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Pugliese v. Parker

United States District Court, W.D. Tennessee, Eastern Division

June 12, 2019

TONY PARKER, ET AL., Defendants.



         On September 7, 2018, Plaintiff Daniel Pugliese, who is incarcerated at the Northwest Correctional Complex (NWCX) in Tiptonville, Tennessee, filed a pro se complaint pursuant to 42 U.S.C. § 1983 in the U.S. District Court for the Middle District of Tennessee. (ECF No. 1.) After Pugliese filed the required financial information, (ECF Nos. 4 & 5), U.S. District Judge William J. Campbell issued an order on September 27, 2018, granting leave to proceed in forma pauperis, assessing the civil filing fee pursuant to the Prison Litigation Reform Act (PLRA), 28 U.S.C. §§ 1915(a)-(b), and transferring Pugliese's compliant to this district. (ECF No. 6.) On October 19, 2018, Pugliese filed an amended complaint, which appears to supplement, rather than supersede, his original complaint. (ECF No. 10.) The Clerk shall record the Defendants as Tony Parker, Tennessee Department of Correction (TDOC) Commissioner; Dr. First Name Unknown (FNU) Conway; Centurion Medical Corporation; Christi Gregory, Medical Director; and the NWCX.

         Pugliese alleges that Commissioner Parker has, on several occasions, refused his request to be housed at “DSNF hospital unit” for his “severe muscle loss, deformed knees, partial blindness, ” and other medical issues.[1] (ECF No. 1 at PageID 1.) He alleges that Defendant Parker “should have housed me at DSNF, long ago.” (Id. at PageID 1-2.) Pugliese asserts that he is instead still at the NWCX, where Defendant Gregory refuses him “medical help, ” including “[E]nsure for muscle loss, ” “a wheelchair, ” “vitamins, ” “help for muscle loss, ” and medication for his “anemic condition” and for glaucoma. (Id. at PageID 2.) Pugliese insists Defendant Gregory refuses him treatment and medication because Pugliese is a “mental patient” and “medical hates mental patients.” (Id.) Pugliese alleges that Centurion and Dr. Conway also “refuse to get me help for these issues, and they were notified many times[] about it.” (Id.)

         In his amended complaint, Pugliese names only the NWCX as a Defendant and alleges that on October 6, 2018, he made a medical complaint about pain in his left shoulder, right bicep, and right hip. (ECF No. 10 at PageID 6-7.) He alleges that “the medical staff” is inadequate and incorrectly told him nothing was wrong. (Id. at PageID 7.)

         Pugliese asserts his claims against the Defendants in their official and individual capacities. (ECF No. 1 at PageID 2.) He seeks $10 million in damages and requests that the Defendants be fired from their positions. (Id. at PageID 3.)

         The Court is required to screen prisoner complaints and to dismiss any complaint, or any portion thereof, if the complaint-

(1) is frivolous, malicious, or fails to state a claim upon which relief may be granted; or
(2) seeks monetary relief from a defendant who is immune from such relief.

28 U.S.C. § 1915A(b); see also 28 U.S.C. § 1915(e)(2)(B).

         In assessing whether the complaint in this case states a claim on which relief may be granted, the standards under Fed.R.Civ.P. 12(b)(6), as stated in Ashcroft v. Iqbal, 556 U.S. 662, 677-79 (2009), and in Bell Atlantic Corp. v. Twombly, 550 U.S. 544, 555-57 (2007), are applied. Hill v. Lappin, 630 F.3d 468, 470-71 (6th Cir. 2010). The Court accepts the complaint's “well-pleaded” factual allegations as true and then determines whether the allegations “plausibly suggest an entitlement to relief.'” Williams v. Curtin, 631 F.3d 380, 383 (6th Cir. 2011) (quoting Iqbal, 556 U.S. at 681). Conclusory allegations “are not entitled to the assumption of truth, ” and legal conclusions “must be supported by factual allegations.” Iqbal, 556 U.S. at 679. Although a complaint need only contain “a short and plain statement of the claim showing that the pleader is entitled to relief, ” Fed.R.Civ.P. 8(a)(2), Rule 8 nevertheless requires factual allegations to make a “‘showing,' rather than a blanket assertion, of entitlement to relief.” Twombly, 550 U.S. at 555 n.3.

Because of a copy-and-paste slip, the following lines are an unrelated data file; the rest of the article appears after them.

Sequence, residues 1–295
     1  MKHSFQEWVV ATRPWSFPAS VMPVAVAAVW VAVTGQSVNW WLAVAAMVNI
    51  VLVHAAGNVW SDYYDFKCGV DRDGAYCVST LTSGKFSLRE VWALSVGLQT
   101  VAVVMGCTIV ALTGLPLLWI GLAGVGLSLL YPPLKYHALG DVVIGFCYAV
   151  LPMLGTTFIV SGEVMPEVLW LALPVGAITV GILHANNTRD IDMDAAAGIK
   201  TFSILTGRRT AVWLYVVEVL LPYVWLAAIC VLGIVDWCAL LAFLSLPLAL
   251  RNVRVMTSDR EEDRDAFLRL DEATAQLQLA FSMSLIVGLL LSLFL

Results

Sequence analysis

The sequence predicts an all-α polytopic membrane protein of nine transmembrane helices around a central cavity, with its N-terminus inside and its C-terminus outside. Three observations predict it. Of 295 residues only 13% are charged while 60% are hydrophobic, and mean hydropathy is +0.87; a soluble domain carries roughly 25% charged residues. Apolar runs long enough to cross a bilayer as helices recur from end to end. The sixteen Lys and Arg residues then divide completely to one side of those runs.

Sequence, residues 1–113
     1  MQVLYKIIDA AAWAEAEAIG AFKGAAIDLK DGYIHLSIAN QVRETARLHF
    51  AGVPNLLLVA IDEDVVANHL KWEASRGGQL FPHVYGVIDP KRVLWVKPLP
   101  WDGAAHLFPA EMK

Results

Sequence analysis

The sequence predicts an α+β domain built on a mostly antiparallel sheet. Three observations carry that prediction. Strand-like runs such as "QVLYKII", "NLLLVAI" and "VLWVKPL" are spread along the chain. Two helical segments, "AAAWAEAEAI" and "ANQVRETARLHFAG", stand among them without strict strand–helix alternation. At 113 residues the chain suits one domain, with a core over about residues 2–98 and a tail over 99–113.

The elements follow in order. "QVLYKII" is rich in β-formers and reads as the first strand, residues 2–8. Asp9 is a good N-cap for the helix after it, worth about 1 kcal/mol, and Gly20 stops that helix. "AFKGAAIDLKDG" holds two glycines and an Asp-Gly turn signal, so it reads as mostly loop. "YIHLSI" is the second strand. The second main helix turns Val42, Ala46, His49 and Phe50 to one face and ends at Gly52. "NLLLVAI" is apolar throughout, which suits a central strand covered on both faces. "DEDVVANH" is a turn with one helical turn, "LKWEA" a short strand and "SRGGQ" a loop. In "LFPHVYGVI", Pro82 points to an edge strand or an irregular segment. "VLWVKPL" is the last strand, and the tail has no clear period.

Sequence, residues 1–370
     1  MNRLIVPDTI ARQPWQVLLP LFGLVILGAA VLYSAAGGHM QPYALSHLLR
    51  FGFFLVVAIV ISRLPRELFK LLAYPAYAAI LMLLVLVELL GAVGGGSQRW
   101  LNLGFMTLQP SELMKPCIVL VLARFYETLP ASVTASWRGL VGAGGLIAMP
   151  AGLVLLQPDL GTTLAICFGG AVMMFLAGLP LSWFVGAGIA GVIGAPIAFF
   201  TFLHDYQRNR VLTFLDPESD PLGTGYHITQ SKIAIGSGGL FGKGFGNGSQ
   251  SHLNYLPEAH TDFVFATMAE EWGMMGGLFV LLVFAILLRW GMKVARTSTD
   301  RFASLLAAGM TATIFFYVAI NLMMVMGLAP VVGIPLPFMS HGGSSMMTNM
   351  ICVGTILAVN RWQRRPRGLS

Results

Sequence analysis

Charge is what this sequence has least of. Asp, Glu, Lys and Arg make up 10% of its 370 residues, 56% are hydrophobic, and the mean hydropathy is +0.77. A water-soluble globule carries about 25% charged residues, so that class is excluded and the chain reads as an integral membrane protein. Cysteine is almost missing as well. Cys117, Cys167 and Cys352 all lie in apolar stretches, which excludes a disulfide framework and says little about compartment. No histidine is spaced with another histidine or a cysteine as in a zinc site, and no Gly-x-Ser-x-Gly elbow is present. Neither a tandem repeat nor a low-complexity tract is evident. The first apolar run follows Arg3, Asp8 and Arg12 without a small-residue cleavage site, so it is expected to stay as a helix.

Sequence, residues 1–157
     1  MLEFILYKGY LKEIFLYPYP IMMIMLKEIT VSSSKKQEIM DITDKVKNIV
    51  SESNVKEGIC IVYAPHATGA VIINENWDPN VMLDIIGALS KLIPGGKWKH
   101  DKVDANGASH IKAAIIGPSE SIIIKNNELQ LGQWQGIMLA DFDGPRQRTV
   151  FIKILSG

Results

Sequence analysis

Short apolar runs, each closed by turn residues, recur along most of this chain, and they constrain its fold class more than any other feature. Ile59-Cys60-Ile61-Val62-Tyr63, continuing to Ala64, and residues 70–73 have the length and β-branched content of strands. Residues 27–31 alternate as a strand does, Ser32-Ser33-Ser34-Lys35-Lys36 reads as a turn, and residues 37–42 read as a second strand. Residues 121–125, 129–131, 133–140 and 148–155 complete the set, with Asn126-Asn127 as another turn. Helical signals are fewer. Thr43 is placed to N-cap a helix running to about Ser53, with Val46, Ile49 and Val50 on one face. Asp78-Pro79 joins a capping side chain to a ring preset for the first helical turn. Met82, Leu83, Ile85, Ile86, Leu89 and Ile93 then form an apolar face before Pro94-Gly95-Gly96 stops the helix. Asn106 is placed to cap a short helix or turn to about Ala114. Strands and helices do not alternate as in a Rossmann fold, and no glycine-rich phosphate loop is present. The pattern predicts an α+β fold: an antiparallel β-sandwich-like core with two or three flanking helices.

“Pro se complaints are to be held ‘to less stringent standards than formal pleadings drafted by lawyers,' and should therefore be liberally construed.” Williams, 631 F.3d at 383 (quoting Martin v. Overton, 391 F.3d 710, 712 (6th Cir. 2004)). Pro se litigants, however, are not exempt from the requirements of the Federal Rules of Civil Procedure. Wells v. Brown, 891 F.2d 591, 594 (6th Cir. 1989); see also Brown v. Matauszak, 415 Fed.Appx. 608, 612, 613 (6th Cir. Jan. 31, 2011) (affirming dismissal of pro se complaint for failure to comply with “unique pleading requirements” and stating “a court cannot ‘create a claim which [a plaintiff] has not spelled out in his pleading'” (quoting Clark v. Nat'l Travelers Life Ins. Co., 518 F.2d 1167, 1169 (6th Cir. 1975))).

         Pugliese filed his complaint pursuant to 42 U.S.C. § 1983, which provides:

Every person who, under color of any statute, ordinance, regulation, custom, or usage, of any State or Territory or the District of Columbia, subjects, or causes to be subjected, any citizen of the United States or other person within the jurisdiction thereof to the deprivation of any rights, privileges, or immunities secured by the Constitution and laws, shall be liable to the party injured in an action at law, suit in equity, or other proper proceeding for redress . . . .

         To state a claim under § 1983, a plaintiff must allege two elements: (1) a deprivation of rights secured by the “Constitution and laws” of the United States (2) committed by a defendant acting under color of state ...

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